Have you been out on the links lately? If so, you’re not alone. In many ways, golf as a sport seems to be experiencing a “golden age.” Witness the tremendous personal and professional popularity of Tiger Woods and the record number of viewers who watch the sport on TV. Pros are earning bigger prizes than ever, too, and the number of women players is reaching new highs. Finally, golf-equipment manufacturers are offering more “skill enhancement” equipment, such as clubs with lighter and bigger heads, than ever before – attracting unprecedented numbers of newcomers to the sport.
What does all this mean for the companies that support golf, particularly the manufacturers and wholesalers that develop golf equipment and accessories? Given the recent positive trends – along with other advantages such as broader distribution channels and use of inexpensive overseas labor – golf-equipment manufacturers should be posting record earnings (see “The Growth of Golf “).
This figure shows the common mental model of how the golf business “growth engine” works. As interest in golf increases, retailer demand for golf equipment also rises. As the demand for equipment increases, the golf manufacturers who supply the products see an increase in their market value and revenues. Manufacturers are thus able to invest in R&D and production, and thereby deliver more innovative products to market. The increase in products enhanced by easy-to-use features and new, aesthetically pleasing designs then stimulates further interest in the game.
However, this model does not reflect the complete picture of the golf-industry marketplace. A quick financial “reality check” reveals a surprisingly different view. Let’s take a look at these “low-lights”:
- The world’s largest golf manufacturing company, Calloway Golf, lost 75 percent of its stock value from mid-1997 to late 1998. Calloway’s purchase of Odyssey Putter failed to bolster profit margins and revenue, and the company scheduled a staff reduction of 700 for the first quarter of 1999.
- Fortune Brands, owner of Titleist, Footjoy, and Cobra, has seen its stock-trading drop to near all-time lows. When Fortune purchased Cobra in 1997 for $700 million, observers gushed about a “third jewel in the crown.” Yet as with Calloway, the acquisition has not led to the expected boost in revenues.
- The industry has endured multiple mergers, and the new entities arising from this are struggling. For example, RAM merged with Tommy Armour to create a company called Tear Drop, whose stock price also lost more than 50 percent of its value from fall 1997 to fall 1998.
- Despite a $34 million capital infusion in July 1996, and assets totaling $30 million in July 1997, Lynx Golf, Inc. filed for Chapter 11 bankruptcy protection in July 1998.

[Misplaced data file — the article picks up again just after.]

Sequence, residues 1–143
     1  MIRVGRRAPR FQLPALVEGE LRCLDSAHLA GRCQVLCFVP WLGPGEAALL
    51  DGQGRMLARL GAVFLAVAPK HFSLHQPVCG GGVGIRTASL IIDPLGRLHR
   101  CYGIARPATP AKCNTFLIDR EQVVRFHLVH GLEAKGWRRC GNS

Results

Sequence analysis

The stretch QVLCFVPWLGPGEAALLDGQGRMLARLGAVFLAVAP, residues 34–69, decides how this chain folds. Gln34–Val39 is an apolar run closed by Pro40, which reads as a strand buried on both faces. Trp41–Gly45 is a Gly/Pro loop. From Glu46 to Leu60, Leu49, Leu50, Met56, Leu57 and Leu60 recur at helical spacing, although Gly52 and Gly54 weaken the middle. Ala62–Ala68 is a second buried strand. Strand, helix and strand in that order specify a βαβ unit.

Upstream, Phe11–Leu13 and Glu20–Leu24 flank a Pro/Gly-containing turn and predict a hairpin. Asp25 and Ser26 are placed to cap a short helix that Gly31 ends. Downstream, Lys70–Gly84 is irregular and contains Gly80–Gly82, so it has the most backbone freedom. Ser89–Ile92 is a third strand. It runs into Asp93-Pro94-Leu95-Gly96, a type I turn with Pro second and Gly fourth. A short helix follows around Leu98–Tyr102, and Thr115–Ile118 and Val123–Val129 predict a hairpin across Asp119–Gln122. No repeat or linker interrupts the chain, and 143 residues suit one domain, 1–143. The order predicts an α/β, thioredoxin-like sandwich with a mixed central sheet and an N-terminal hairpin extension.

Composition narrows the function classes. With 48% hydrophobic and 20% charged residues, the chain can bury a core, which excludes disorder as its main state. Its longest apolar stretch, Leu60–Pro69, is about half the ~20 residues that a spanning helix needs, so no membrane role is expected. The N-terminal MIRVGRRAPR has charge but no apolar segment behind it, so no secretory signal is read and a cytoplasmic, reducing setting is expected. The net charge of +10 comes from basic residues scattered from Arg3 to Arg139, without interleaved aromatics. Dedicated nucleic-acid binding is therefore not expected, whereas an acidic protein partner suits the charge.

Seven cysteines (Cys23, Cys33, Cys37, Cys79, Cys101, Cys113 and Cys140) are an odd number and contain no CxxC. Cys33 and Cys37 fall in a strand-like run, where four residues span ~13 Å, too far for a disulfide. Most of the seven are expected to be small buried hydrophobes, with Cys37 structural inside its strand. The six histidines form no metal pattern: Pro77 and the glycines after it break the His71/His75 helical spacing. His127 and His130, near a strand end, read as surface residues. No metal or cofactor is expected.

What’s going on? If we analyze the situation from a systemic perspective, the forces behind the industry’s difficulties – and some insights into how these companies might recover – become markedly clear.
Questions for Reflection
- What could have caused market valuation to drop even though overall demand for golf equipment has been rising?
- Given the expanding customer base, we might expect demand for golf equipment to start rising exponentially. If equipment manufacturers wait until they’re certain that the unmet demand is “for real,” what might happen?
- If sales increase, how do the associated customer-service levels have to change if growth is to be sustained? As the customer base grows, the golf industry may become a commodity business. If this were to happen, what features would distinguish the various competitors?
- If production demands increase, how will management of internal staff need to change so as to attract and retain the best performers?
THE GROWTH OF GOLF
A Closer Look at the Golf-Equipment Business
To grasp why the golf-equipment industry is in trouble and spot possible leverage points for change, let’s take a closer look at the current system. One place to start is to explore how the golf industry’s plight might resemble a “Growth and Underinvestment” archetypal story (see “Underinvestment in the Golf Business”). Loop R1, as we saw above, represents the growth engine that is prompting the rise in retailer demand for golf equipment. Yet because most equipment manufacturers will wait until they’re sure that the unmet demand is “for real” before investing in R&D and production capacity, they fail to keep pace with the rise in demand. Even though some companies, in response to the jump in backlog, may hurry to boost production and R&D capacity (B3), these investments take time and money. The effects of any increase in capacity may not be felt for quite a while. In the meantime, backlogs have continued to worsen, frustrating customers and in turn reducing demand and eventually backlog (B2).
UNDERINVESTMENT IN THE GOLF BUSINESS
The tricky thing about this situation is that, when companies finally notice the eventual drop in demand and backlog, many of them respond by reducing investments in production capacity (and resorting to other cost-cutting measures, such as layoffs) at the exact moment when they should be boosting capacity. This dynamic can result in a steady downward slide for the company, as reductions in capacity prevent it from addressing the original source of backlog: the rise in demand.
What kinds of data would indicate that this dynamic is indeed happening in the golf industry? Check out these noteworthy trends:
- Product design and development. This function started out as a kind of cottage industry, featuring high levels of craftsmanship and tooling. Now, owing to recent technical advances, most golf clubs have very similar characteristics. And the associated product life cycle has shortened from three to four years to two to three years.
- Manufacturing and production. To decrease unit costs, a company has to produce large quantities of similar products. Therefore, forecasting accurate sales volumes becomes increasingly important. In addition, because most golf-equipment manufacturing is now performed overseas, product-development lead times have stretched to six to nine months. These factors have created delays in manufacturing and production. Last, with more production now automated, most golf clubs are no longer created by skilled artisans. Instead, different components are made by different companies, in different parts of the world, and the clubs are “assembled” by low-wage workers.